KUALA LUMPUR • Senior officials at scandal-plagued state fund 1Malaysia Development Berhad (1MDB) withheld information from its board and took some decisions without the board's approval, a Malaysian government audit of the fund, which was declassified yesterday, had found.
The previous government led by former prime minister Najib Razak had classified the report "secret" in 2016 when the fund's financial troubles were being investigated.
Reports had emerged by then that around US$700 million (S$940 million) from 1MDB had gone to Datuk Seri Najib's personal bank accounts. Mr Najib denied any wrongdoing and was cleared by then Attorney-General Apandi Ali.
But after he lost last week's general election, new Prime Minister Mahathir Mohamad said he would reopen investigations into 1MDB and declassify the audit report. Tun Dr Mahathir has barred Mr Najib and his wife from leaving the country, and replaced Tan Sri Apandi.
Yesterday, Dr Mahathir met Auditor-General Madinah Mohamad, who announced the declassification of the report and said its executive summary would be available on her department's website.
"In several instances, the 1MDB management had presented incomplete or inaccurate information to the 1MDB board before an important decision was made and had taken action without the approval of the 1MDB board," the report said.
It noted that between 2009 and 2015, several decisions involving high-value investments were made through 1MDB board resolutions without detailed discussion or evaluation. Several high-risk investments were made in a very short time, and the 1MDB management went against the board's and the shareholders' wishes in some instances, it added.
"There were also instances where the 1MDB management gave inaccurate or different information to interested parties," the report said.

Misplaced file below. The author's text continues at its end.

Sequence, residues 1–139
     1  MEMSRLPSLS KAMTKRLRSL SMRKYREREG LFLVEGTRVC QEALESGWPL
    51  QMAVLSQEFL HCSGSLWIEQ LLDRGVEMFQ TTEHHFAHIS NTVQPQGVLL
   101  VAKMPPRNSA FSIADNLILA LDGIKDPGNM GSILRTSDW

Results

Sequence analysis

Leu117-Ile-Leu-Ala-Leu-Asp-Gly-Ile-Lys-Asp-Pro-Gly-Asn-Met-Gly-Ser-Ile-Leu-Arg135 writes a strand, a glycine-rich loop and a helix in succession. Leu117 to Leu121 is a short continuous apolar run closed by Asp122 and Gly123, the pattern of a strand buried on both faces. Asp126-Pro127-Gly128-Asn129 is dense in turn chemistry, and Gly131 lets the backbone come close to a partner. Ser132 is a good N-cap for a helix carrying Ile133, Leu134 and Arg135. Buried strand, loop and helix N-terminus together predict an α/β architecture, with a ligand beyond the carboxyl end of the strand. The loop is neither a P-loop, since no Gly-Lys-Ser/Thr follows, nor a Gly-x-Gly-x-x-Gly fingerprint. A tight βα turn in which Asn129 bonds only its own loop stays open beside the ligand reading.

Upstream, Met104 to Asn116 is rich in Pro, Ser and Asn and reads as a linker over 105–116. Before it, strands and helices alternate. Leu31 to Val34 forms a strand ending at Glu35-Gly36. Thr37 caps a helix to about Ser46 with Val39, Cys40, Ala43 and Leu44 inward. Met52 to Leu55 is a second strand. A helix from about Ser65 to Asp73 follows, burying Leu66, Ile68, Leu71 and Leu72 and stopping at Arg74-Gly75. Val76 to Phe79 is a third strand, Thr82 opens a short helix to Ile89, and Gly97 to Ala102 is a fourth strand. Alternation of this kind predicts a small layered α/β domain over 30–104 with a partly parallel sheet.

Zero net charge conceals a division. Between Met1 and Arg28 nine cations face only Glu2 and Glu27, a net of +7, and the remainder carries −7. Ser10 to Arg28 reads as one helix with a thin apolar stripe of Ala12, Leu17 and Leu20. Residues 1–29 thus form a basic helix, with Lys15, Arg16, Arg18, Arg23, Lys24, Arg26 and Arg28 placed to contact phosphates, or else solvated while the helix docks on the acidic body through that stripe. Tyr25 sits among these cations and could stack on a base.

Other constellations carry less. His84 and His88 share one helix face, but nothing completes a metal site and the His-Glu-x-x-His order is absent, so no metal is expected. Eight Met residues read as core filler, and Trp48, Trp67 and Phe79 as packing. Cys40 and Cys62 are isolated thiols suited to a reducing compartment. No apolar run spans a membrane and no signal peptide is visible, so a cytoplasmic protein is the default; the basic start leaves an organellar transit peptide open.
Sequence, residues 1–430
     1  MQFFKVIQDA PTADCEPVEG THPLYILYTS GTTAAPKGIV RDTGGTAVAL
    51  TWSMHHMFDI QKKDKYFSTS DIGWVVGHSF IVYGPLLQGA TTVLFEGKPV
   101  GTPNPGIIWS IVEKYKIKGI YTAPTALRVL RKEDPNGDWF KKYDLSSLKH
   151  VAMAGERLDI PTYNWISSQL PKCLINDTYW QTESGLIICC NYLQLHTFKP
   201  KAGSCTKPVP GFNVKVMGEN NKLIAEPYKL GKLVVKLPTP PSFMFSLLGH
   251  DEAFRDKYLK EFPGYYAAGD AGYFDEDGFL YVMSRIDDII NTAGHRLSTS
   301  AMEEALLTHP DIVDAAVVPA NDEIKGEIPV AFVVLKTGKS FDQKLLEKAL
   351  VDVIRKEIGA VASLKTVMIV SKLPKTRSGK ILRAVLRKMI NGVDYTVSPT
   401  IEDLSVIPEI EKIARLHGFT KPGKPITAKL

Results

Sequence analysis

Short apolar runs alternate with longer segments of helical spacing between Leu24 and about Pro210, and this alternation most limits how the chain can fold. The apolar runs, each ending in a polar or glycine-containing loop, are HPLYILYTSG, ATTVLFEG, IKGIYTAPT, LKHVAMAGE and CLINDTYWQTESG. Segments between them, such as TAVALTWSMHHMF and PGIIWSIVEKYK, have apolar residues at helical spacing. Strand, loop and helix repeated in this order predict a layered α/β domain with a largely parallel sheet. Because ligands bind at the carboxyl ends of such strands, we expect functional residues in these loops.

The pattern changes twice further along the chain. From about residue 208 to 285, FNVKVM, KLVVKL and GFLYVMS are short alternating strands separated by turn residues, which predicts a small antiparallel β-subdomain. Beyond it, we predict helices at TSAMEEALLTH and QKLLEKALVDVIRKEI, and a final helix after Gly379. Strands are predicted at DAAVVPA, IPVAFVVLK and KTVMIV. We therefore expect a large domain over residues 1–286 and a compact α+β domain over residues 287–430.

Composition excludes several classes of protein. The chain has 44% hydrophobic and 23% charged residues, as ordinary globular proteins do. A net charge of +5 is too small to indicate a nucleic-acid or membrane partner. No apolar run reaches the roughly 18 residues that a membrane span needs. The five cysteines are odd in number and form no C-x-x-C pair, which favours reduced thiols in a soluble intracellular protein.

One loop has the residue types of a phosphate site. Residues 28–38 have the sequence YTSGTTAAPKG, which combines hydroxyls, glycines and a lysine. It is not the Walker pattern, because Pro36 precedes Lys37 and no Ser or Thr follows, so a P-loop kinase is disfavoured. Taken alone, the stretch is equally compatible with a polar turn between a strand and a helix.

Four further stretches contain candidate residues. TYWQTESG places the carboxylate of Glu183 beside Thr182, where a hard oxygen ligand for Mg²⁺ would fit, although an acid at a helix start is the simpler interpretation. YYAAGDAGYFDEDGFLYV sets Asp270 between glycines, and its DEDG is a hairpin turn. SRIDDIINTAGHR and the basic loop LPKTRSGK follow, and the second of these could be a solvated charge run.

Files and records were also not kept in a systematic fashion.
Malaysiakini news website noted the declassified report lacks details due to the fund's refusal to provide complete documentation, but for key parts which were investigated, the information corroborates with that of the US Department of Justice. The Audit Department had, among others, examined the accounts of 1MDB subsidiary Brazen Sky Limited, and found irregularities.
The US Department of Justice has filed civil lawsuits alleging that over US$4.5 billion was misappropriated from 1MDB by high-level officials and their associates.
The lawsuits seek to seize about US$1.7 billion in assets, including a luxury yacht and paintings, that were bought with 1MDB funds.
The lawsuits name Malaysian financier Low Taek Jho, also known as Jho Low, and Mr Najib's stepson Riza Aziz among the alleged beneficiaries of misappropriated funds. Both have denied wrongdoing.
A person described in the US lawsuits as "Malaysian Official 1" was said to have received more than US$1 billion in 1MDB funds, some of which was used to buy jewellery for the person's wife.
US and Malaysian sources have said "Malaysian Official 1" refers to Mr Najib. Mr Najib has denied any wrongdoing.
Meanwhile, a federal judge in Los Angeles said on Monday she will issue an order on the department's request to get custody of the Equanimity, Mr Low's US$250 million yacht allegedly bought with siphoned funds. The yacht was seized by Indonesian authorities in Bali in February.
Separately, federal prosecutors in Switzerland are seeking quick talks with Malaysian counterparts on how to press forward with an investigation of 1MDB, the Swiss attorney-general's office added.